"Elon Musk" and "Xinjiang" together grabbed global headlines in early January, as his electric car company Tesla opened its newest showroom in Urumqi, capital of Xinjiang Uygur Autonomous Region—much to the dismay of Washington and human rights activists alike.
The company's notice came less than two weeks after U.S. President Joe Biden had signed into law the Uygur Forced Labor Prevention Act, the climax of unfounded U.S. accusations of human rights abuses in Xinjiang.
Following up on former President Donald Trump's measures targeting Xinjiang cotton and tomato products, banning these from entering the American market in early 2021, Biden effectively expanded that category to include all Xinjiang-related goods, tantamount to forbidding any American companies to do business with or use products from the region.
Many American companies with business in China, or Xinjiang specifically, tend to get caught between their Chinese market and U.S. political stance. Yet Tesla's drive into Xinjiang at this time may provide them with some fresh, helpful insights.
Tesla boasts to be a champion in the green drive, while Xinjiang has been a pioneer in China's new energy ambitions. The region's wind and solar power generation hit 2.2 trillion kWh in 2020, accounting for 29.5 percent of the country's total electricity consumption, according to Xinhua News Agency, giving steam to the country's commitment of peaking its carbon emissions before 2030 and achieving carbon neutrality before 2060.
The region, like many an American state geographically, is vast in its territory, with driving the main choice of local transportation. What's more, as a top tourist destination, Xinjiang's visitor arrivals reached more than 300 million in 2019. Despite the pandemic impact, this number still topped 150 million and 190 million in 2020 and 2021, respectively. Many visitors opt for the road trip experience, given the extensive drives between picturesque places and the breathtaking scenery along the way.
As consumers today are becoming more aware of pressing climate issues and more accepting of cost-effective new-energy vehicles (NEVs), lifted by the advancements in technology and infrastructure construction, Xinjiang's NEV sales saw a 250-percent year-on-year growth in 2021. In Urumqi alone, NEV registrations jumped 4.5 times last year—to 3,800 from 2020's 846, Xinjiang Uygur Autonomous Region Tax Service, State Taxation Administration reported. Ahead of its showroom's grand opening, Tesla had already established two supercharging stations and 14 supercharging piles across the city. This number stands at seven and 36, respectively, across the entire region.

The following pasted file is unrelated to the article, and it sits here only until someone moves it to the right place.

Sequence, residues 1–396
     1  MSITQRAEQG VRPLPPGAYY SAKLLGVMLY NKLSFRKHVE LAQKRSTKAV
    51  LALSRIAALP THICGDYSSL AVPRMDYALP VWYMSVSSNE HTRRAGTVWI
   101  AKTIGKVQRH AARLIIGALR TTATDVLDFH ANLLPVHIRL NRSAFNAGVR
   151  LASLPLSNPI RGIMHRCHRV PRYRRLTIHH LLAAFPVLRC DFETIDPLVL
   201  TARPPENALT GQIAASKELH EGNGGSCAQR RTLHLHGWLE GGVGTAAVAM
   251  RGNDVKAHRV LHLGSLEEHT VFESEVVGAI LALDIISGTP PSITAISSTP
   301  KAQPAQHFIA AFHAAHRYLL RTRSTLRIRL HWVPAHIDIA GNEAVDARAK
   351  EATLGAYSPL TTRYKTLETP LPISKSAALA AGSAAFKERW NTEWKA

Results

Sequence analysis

Compared to several Chinese NEV makers, Tesla is a latecomer to Xinjiang. The country's NEV champ BYD has three retail outlets in Urumqi; the Youhao business district downtown features Tesla in competition with Li Auto, XPENG and NIO, three emerging but fashionable brands. XPENG sold nearly 100,000 cars in 2021 nationwide, for example.
During an Urumqi auto fair from December 30, 2021, to January 3, NEVs proved a visitor highlight, with most hailing from domestic companies. Mercedes didn't have any of these cars on display; BMW only showcased one hybrid SUV. These are just two examples of foreign brands with a longstanding business history in China who seem to have fallen behind the times—those of Xinjiang's swiftly moving NEV market, in particular; but local consumer expectations remain high.
Right now, Tesla has stores in 60 cities across the Chinese mainland. The Urumqi location marks the westernmost Tesla presence on the Chinese mainland.
When geopolitical coercion causes entrepreneurial confusion… One man's loss can become another man's gain.
Copyedited by Elsbeth van Paridon
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